naam = newNaam;

Note that I don't use a JOptionPane dialog to get the name. At this point in the code, we don't care where the value came from. Some other method is responsible for actually getting the value from the user. This method simply stores the value for later use.

Also, note that you have a field declared as

String spelersInfo;

I believe the getSpelersInfo() and setSpelersInfo() should use this, which is why I claim that you don't need to return multiple values from either of these methods.

Finally, it appears that you are creating what we call a POJO. See this link for more details about what the acronym means.

share|improve this answer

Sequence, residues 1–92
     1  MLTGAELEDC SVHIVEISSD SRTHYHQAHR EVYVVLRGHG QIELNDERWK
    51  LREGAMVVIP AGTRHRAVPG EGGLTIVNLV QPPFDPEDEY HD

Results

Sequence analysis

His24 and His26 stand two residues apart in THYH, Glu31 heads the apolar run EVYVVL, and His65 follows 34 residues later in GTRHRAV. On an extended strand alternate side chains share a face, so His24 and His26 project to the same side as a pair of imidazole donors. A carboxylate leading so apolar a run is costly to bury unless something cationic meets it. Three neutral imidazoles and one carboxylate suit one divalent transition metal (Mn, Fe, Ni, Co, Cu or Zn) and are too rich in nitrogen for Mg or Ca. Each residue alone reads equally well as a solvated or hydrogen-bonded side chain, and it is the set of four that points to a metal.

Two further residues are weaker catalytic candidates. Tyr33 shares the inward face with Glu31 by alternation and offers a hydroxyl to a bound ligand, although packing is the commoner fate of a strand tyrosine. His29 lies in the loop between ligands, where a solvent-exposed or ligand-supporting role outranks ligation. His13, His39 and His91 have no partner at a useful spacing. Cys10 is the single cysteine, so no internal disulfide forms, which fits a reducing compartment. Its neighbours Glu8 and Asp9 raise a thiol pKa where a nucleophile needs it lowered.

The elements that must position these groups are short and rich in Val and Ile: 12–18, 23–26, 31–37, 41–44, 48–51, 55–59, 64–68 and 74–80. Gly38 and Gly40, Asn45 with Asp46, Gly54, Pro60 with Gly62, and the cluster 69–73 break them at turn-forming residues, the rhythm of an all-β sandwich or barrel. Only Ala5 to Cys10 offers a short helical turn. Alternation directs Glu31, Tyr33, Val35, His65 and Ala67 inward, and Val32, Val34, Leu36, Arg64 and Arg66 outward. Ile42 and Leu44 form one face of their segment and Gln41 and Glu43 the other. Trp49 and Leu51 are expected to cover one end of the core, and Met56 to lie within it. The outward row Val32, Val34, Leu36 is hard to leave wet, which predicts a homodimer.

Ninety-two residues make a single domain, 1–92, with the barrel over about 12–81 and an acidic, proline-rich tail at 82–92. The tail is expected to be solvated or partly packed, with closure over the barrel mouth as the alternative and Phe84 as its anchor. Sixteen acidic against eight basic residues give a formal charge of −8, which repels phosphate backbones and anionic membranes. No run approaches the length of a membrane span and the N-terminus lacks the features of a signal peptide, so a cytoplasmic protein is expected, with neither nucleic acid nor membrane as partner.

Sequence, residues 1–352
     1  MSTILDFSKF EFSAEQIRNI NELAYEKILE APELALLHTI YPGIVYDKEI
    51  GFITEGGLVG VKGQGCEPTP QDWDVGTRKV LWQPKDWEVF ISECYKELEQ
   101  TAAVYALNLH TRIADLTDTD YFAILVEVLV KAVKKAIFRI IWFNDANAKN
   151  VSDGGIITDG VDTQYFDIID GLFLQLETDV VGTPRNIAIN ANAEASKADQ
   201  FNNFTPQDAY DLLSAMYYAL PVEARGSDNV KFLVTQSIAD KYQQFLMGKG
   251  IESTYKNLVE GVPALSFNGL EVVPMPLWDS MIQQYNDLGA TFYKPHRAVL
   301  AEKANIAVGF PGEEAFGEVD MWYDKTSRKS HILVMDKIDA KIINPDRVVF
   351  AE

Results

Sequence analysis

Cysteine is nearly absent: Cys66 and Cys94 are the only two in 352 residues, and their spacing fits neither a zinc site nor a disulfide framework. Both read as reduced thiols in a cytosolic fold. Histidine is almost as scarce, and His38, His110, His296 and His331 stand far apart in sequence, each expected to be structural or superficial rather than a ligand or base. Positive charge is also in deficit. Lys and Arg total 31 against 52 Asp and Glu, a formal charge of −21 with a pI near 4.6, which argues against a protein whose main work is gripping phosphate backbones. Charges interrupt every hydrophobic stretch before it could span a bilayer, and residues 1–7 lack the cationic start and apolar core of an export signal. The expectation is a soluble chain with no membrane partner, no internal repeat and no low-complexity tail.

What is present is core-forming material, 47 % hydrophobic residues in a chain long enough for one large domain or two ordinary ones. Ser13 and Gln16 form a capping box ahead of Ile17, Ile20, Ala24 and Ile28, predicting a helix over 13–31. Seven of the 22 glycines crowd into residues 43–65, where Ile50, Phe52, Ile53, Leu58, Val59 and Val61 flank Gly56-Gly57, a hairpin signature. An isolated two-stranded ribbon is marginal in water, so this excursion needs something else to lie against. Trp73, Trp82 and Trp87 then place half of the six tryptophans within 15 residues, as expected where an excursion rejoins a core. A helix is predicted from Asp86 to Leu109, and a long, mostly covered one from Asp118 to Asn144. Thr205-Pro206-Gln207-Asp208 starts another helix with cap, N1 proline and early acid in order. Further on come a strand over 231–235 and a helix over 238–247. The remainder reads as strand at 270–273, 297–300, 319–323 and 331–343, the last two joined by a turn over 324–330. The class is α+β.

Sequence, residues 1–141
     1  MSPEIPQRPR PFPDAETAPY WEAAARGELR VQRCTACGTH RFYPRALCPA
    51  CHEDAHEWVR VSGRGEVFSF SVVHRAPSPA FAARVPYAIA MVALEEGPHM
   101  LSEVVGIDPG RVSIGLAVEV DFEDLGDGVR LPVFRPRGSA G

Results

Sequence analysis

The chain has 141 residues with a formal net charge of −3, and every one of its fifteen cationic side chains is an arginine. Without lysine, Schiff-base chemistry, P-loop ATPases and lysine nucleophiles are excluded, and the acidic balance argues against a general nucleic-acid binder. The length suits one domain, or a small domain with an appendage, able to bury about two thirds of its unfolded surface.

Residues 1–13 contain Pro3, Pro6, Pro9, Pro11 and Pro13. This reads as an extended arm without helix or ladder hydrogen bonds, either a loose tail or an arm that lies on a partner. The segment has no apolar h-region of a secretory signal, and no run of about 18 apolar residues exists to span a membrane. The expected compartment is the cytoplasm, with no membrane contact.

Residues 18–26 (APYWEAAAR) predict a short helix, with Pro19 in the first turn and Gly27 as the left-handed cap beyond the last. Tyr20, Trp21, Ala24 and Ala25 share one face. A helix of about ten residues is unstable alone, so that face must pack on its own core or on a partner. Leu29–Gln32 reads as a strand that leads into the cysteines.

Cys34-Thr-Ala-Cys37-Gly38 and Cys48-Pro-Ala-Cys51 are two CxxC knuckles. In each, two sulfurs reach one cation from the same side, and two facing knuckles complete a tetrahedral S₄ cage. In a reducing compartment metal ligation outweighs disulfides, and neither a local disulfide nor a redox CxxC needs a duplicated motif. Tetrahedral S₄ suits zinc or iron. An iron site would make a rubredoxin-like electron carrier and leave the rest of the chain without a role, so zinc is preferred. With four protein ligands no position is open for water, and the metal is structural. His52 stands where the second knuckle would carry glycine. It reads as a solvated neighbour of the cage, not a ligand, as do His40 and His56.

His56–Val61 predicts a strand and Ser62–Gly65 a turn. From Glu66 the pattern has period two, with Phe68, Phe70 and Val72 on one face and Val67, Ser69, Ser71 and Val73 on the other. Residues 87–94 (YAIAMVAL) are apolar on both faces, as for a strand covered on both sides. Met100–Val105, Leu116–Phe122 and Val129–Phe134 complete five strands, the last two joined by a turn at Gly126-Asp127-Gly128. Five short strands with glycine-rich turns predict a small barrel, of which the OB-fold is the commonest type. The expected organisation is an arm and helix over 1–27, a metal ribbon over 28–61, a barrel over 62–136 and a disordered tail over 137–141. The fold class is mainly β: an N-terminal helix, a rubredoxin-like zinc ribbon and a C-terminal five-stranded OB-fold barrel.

The basics of a return statement is that it causes the program to leave the current function(subroutine) and resume from where the function was called, which is the return address.
When you enter a function the return address is saved on the call stack so its easily reachable.

So as for your code, when you issue a return statement and then another one, the latter will not be called.
If I'm not mistaken, it will not be even compiled on most compilers.
Hence what you need to do is issue a return statement that returns all the String's together.
That can be done with many basic Data Structures that are available in the Java standard library and if you don't want to get involved in that, you could even append the strings into one big string and then split it after.

But for now what I would suggest is to read a basic Java book/tutorial or even a basic book about programming languages.

Link to some basic Java Data structures

As Code-Guru pointed out and is correct, the best way to approach this issue is with a POJO, you can see a nice explanation in his answer.

Though reading a book and understanding the fundamentals in my opinion beats all of the technical solutions at this point